Navigating the New Era: The End of Risk Management Suppression


In the ever-evolving landscape of finance and economics, one thing has become abundantly clear in recent years: the era of risk management suppression is coming to an end. The appetite for risk management is poised to surge in the coming years, and this transformation is primarily driven by a fundamental shift in central bank policies, notably the Federal Reserve (Fed) and the European Central Bank (ECB), as they pivot towards combating inflation and maintaining elevated short-term interest rates. In this blog post, we will explore the implications of this shift, its historical context, and the importance of embracing risk management in this new environment of positive real interest rates.

The Era of Suppressed Risk Management

To appreciate the significance of the changing tides, we must first understand the era of suppressed risk management that prevailed in the years leading up to 2022. This era was characterized by a prolonged period of historically low or negative real short-term interest rates, driven by the zero-interest-rate policy (ZIRP) initiated during the aftermath of the 2008 financial crisis. For over a decade, the prevailing sentiment among market participants was that central banks had their backs. This perception led to a culture of risk-taking, with mantras like “buy the dips” and “there is no alternative (to equities)” becoming popular among equity traders.

Navigating the New Era: The End of Risk Management Suppression Navigating the New Era: The End of Risk Management Suppression

Historically, prior to the 2000s, the U.S. economy predominantly experienced overnight interest rates above the prevailing rate of inflation, resulting in positive real interest rates. However, the ZIRP era flipped this dynamic, with the Federal Funds rate staying below the year-over-year trailing Consumer Price Index (CPI) inflation rate for the majority of the time from 2009 to 2022. This shift in interest rate policy created an environment where the importance of risk management was severely underestimated.

The Career Context Bias

One significant challenge in recognizing the extent of risk management suppression during the ZIRP era is the “career context bias.” Many financial professionals and market participants have spent their entire careers within this environment, leading to a skewed perspective of what is considered normal. As a result, the true magnitude of risk management’s importance during the last two decades has been overlooked.

Quantitative Tightening (QT) and Price Discovery

The transition from quantitative easing (QE) to quantitative tightening (QT) represents another crucial aspect of the changing landscape. QE, characterized by central banks actively buying securities, distorted price discovery processes in both fixed income and equities. However, QT, which involves allowing the balance sheet to shrink as securities mature without active selling, does not have the same distorting effect. This transition has restored a more efficient price discovery system.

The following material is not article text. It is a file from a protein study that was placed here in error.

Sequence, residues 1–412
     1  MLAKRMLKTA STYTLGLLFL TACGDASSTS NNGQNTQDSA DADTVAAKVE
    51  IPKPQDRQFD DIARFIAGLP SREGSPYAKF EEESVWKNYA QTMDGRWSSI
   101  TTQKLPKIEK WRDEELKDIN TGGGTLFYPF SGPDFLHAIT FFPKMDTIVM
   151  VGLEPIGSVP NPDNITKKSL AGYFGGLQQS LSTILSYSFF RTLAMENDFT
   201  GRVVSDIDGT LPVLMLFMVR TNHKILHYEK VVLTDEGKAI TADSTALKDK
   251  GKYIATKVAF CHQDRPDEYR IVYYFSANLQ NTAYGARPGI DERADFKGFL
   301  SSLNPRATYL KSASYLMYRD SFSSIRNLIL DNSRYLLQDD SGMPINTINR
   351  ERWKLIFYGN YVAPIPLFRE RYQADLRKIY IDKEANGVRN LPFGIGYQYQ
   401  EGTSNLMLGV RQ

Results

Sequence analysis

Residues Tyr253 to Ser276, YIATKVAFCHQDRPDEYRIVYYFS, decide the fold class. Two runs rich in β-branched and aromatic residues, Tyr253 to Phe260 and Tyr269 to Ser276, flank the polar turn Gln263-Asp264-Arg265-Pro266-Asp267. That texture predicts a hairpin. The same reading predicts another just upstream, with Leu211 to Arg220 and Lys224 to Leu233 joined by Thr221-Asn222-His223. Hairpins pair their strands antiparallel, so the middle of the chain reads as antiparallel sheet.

The Fed’s Reluctance to Change

Furthermore, the Federal Reserve’s reluctance to reverse course is an essential consideration. The Fed’s current trajectory involves raising interest rates, and a rate cut is unlikely until they are confident that a reversal is not necessary. This suggests a sustained period of positive real interest rates.

The 2% Core Inflation Target

The Fed’s unwavering commitment to maintaining a 2% core inflation target is another pivotal factor. Many of the factors that historically kept core inflation around 2% are changing or no longer applicable, making this target more challenging to achieve. This firm stance on inflation targeting has significant implications for the future economic landscape.

Embracing Risk Management in a New Era

In light of these considerations, it becomes evident that the suppression of risk management during the ZIRP era was of exceptional magnitude. As central banks shift their focus towards fighting inflation and maintain positive real interest rates, the economic system will inherently carry more risk. This necessitates a fundamental shift in the approach of economic agents, including investors, traders, financial institutions, and commercial enterprises, towards risk management as a critical component of future success.

Conservation of Risk

The concept of the “conservation of risk” is essential to grasp. Risk does not disappear but rather shifts within a complex economic system. Suppressing risk in one area often leads to its emergence in another. Therefore, allowing economic agents to efficiently manage their risks in an environment of positive real interest rates could lead to a more optimal allocation of capital and promote long-term economic growth.


The era of risk management suppression, characterized by prolonged periods of negative real interest rates, is coming to an end. Central banks’ shift towards combating inflation and maintaining positive real interest rates signals a new era where the importance of risk management cannot be overstated. Financial market participants, institutions, and businesses must adapt to this changing landscape, recognizing that efficient risk management will be a cornerstone of future success. As we move forward, embracing this new paradigm may ultimately benefit the economy by allowing for more effective allocation of capital and promoting sustainable growth.,This article is an original creation by If you wish to repost or share, please include an attribution to the source and provide a link to the original article.Post Link:

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